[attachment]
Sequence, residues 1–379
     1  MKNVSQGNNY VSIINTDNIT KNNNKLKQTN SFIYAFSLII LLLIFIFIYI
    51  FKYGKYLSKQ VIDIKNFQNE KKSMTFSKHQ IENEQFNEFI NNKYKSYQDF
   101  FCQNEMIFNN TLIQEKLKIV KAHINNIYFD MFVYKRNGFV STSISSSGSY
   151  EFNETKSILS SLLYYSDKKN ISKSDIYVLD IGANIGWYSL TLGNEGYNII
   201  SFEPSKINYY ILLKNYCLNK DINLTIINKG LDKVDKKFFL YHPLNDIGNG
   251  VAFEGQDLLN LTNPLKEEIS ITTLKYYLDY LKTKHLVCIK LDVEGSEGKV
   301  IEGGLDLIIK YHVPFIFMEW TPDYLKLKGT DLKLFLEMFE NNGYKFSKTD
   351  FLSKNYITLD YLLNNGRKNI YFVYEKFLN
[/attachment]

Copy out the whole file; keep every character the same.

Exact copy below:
Sequence, residues 1–379
     1  MKNVSQGNNY VSIINTDNIT KNNNKLKQTN SFIYAFSLII LLLIFIFIYI
    51  FKYGKYLSKQ VIDIKNFQNE KKSMTFSKHQ IENEQFNEFI NNKYKSYQDF
   101  FCQNEMIFNN TLIQEKLKIV KAHINNIYFD MFVYKRNGFV STSISSSGSY
   151  EFNETKSILS SLLYYSDKKN ISKSDIYVLD IGANIGWYSL TLGNEGYNII
   201  SFEPSKINYY ILLKNYCLNK DINLTIINKG LDKVDKKFFL YHPLNDIGNG
   251  VAFEGQDLLN LTNPLKEEIS ITTLKYYLDY LKTKHLVCIK LDVEGSEGKV
   301  IEGGLDLIIK YHVPFIFMEW TPDYLKLKGT DLKLFLEMFE NNGYKFSKTD
   351  FLSKNYITLD YLLNNGRKNI YFVYEKFLN